Outside this house to take me and I will be gone too.

Where are the people who believed in miracles? Why are they quiet?

People in the concentration camps asked — Where is god?

They announced there are vaccinations coming for everyone,

They made it sound as if our scientists had performed a miracle,

they sounded like they believed a miracle had happened,

could a vacine be found for depression and mental health?


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Rob Cullen

Rob Cullen artist, writer, poet. Rob runs “Voices on the Bridge” a poetry initiative in Wales. Walks hills and mountains daily with a sheep dog at his side.


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“Our lives are but specks of sand — better to use the time we have usefully.”

In this time of fractures

Of the emergence

Of old hatreds

The telling of lies

When politicians, our leaders

Seem unable to refrain

From encouraging fear

We need to build bridges not walls.

Bridges aren’t just about getting somewhere

In this age of having to get somewhere

Bridges are about connections

About joining one side to another

To join the divides and separations

Bridges span different views

Bridges connect generations

We need to build bridges not walls.

Bridges make things come together

Make old and new things one

Bridges make life possible

Bridges span and connect

Bridges aren’t about divisions

Bridges join and mend

We need to build bridges not walls.

Bridging the gulf between us

Help us to speak to one another

Allow us to bring things in

Allow us to take things out

Allow us to meet and share

Allow us to see things anew

Bridges join and renew

We need to build bridges not walls.

To span divides, connect, renew

Bridges are life givers

So not let divides

Part us from life

Or keep us away from one another

Bridges give meaning not walls

So let’s build bridges together

We need to build bridges together not walls

We need to build bridges together not walls

We need to build bridges not walls.



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“Our lives are but specks of sand – better to use the time we have usefully- build bridges not walls.”


Rob Cullen

Rob Cullen artist, writer, poet. Rob runs “Voices on the Bridge” a poetry initiative in Wales. Walks hills and mountains daily with a sheep dog at his side.

In a time of contagion

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You cannot call my name.

We will remember for all time the summer of this year

when last Spring, woodlands and forests had a quietness

almost an expectation

as if the trees knew and were waiting.

I would not describe it as tenseness,

the quiet wasn’t peaceful either.

It was what I would describe as resignation

if I were to attach it to a humans form.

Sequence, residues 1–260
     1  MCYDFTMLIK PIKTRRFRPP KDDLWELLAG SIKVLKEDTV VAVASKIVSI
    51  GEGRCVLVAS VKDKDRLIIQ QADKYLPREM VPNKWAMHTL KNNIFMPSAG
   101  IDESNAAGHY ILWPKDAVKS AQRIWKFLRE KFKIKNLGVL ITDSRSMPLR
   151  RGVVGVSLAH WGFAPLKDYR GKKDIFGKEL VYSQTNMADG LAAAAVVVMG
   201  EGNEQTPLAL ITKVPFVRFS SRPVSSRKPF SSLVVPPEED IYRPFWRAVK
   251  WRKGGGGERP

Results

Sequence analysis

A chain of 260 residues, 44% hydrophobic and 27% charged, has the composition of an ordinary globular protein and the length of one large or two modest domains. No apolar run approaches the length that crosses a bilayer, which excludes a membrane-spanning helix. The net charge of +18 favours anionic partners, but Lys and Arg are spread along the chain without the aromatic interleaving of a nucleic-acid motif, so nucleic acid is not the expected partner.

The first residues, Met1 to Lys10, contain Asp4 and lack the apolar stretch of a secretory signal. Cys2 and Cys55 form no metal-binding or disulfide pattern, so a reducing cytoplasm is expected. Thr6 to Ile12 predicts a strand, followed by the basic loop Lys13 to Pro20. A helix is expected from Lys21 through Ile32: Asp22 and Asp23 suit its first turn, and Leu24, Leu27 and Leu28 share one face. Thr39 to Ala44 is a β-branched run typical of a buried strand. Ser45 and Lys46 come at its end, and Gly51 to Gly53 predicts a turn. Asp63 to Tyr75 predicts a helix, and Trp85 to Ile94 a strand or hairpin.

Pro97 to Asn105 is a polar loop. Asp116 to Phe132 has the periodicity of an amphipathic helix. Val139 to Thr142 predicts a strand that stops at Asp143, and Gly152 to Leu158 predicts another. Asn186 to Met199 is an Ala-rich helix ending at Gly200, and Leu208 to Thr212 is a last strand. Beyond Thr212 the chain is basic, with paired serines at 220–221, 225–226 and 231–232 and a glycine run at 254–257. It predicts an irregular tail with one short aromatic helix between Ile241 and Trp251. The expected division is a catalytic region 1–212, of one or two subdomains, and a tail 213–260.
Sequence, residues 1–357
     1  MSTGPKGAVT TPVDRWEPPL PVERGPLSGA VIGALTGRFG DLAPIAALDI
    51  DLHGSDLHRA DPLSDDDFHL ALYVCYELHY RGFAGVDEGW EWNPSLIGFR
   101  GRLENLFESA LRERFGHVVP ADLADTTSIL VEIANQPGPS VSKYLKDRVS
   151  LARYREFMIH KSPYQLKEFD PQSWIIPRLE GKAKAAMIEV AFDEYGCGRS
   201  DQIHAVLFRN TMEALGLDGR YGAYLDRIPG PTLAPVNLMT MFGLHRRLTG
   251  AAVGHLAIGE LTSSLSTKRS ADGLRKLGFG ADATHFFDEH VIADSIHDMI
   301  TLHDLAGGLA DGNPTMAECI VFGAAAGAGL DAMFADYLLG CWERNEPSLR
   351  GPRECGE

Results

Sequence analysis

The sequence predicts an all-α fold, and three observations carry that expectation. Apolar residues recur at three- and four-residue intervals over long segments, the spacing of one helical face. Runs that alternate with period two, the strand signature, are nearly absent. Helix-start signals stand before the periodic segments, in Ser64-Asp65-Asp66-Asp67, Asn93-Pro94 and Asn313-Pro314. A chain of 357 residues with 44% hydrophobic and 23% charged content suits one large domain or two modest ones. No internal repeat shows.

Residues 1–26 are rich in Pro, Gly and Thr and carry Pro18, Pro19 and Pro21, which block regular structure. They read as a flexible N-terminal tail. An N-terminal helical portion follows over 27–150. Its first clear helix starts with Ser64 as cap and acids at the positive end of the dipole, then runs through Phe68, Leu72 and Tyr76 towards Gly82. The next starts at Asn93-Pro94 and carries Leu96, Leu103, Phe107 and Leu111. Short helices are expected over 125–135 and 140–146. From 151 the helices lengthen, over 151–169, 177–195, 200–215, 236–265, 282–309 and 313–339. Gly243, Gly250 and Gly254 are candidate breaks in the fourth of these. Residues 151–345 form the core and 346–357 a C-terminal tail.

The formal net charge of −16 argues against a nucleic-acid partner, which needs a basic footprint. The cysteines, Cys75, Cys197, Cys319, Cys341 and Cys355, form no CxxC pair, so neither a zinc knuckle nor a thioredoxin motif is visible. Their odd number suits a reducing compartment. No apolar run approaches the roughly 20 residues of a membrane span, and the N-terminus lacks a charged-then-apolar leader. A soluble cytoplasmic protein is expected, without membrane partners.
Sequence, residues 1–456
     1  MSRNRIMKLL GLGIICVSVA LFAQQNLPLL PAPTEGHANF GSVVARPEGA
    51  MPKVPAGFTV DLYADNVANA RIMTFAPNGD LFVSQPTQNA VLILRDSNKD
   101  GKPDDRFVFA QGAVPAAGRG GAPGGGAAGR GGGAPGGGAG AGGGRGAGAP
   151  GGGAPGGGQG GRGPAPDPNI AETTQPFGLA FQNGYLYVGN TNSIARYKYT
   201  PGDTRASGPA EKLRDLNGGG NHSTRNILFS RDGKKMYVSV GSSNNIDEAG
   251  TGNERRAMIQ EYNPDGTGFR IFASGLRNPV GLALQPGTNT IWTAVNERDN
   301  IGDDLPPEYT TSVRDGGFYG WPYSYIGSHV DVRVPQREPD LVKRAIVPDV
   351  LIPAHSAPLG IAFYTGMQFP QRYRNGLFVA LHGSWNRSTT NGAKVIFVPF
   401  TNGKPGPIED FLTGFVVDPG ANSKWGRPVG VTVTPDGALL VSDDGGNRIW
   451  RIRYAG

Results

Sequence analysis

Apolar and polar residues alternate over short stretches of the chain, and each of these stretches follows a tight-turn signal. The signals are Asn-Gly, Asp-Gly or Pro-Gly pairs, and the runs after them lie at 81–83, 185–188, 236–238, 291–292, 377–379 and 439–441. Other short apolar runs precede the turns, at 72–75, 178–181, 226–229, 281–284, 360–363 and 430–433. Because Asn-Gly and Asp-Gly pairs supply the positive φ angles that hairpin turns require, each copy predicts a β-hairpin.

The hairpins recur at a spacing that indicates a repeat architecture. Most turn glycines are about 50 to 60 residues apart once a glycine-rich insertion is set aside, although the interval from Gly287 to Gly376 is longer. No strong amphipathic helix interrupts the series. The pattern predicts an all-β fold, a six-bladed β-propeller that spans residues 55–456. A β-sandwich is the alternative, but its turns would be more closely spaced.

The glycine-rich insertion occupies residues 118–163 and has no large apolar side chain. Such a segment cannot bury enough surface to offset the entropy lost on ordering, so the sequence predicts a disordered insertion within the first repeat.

After the heavy rains of winter,

people described them as exceptional,

rains the like of which no one could remember.

No one had seen such rain who was still living.

Out on the openness of the mountains plateau.

It was different.

On the hill above the village,

water took the shape of fear.

Carried on the edge of the wind,

its swiftness gave no cause for concern,

gave no cause for the alarm to be raised,

or bells to be rung on the church belfries and spires.

The smell of death spread thinner than wisps

of smoke, through hard weather whitened grassland,

barely visible,

beyond the horizon, its source unseen, at first,

but what did that matter in any case,

it was what it did when it arrived,

for all to see,

that was what mattered.

Death came anyway.

It used a cipher to hide behind, another’s form,

another’s name, to confuse, to distract.

Tell me your name. It is useless to ask.

I have no name

I am nameless

I am as old as time.


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“The hill of sorrow.” foto©robcullen31122020

Death comes easily. It is always there — always near, always close by waiting. In March 2020, I suffered heart failure and came close to death. I didn’t survive because of luck — although I was lucky. I lived because of the professionalism of medical staff in our local hospital’s Accident & Emergency Unit. I was discharged five days later after two operations and a defibrillator pacemaker. That wasn’t luck. I know that if I lived in another country without a National Health Service I would be dead — death would have had its way.

I listen to the news casts each day, hear the latest covid stats — the number of new cases and the number of dead. Occasionally I see photos of crowds of people celebrating, ignoring the risks and the consequences, and the following week the spike in the stats that follows as sure as night follows day. I muse on whether people place so little value on their lives that they are willing to place themselves at such great risk. It suggests to me a mass Russian roulette.

I avoid crowds or social events in which there will be a large gathering. I am an artist, writer, poet who enjoys my own company and isolation doesn’t weigh heavily on me. More importantly it gives me time. Time to write, time to read, time to play with pen and wash. And there is so much to see, feel, smell and breathe in. Every walk offers a richness of opportunity. I do not live in a town or a city but on the outskirts of a town in wooded countryside. On the last day of the year 2021 I think I am lucky.



Rob Cullen

Rob Cullen artist, writer, poet. Rob runs “Voices on the Bridge” a poetry initiative in Wales. Walks hills and mountains daily with a sheep dog at his side.

Resistance Poetry

Resistance Poetry

Verse as Commentary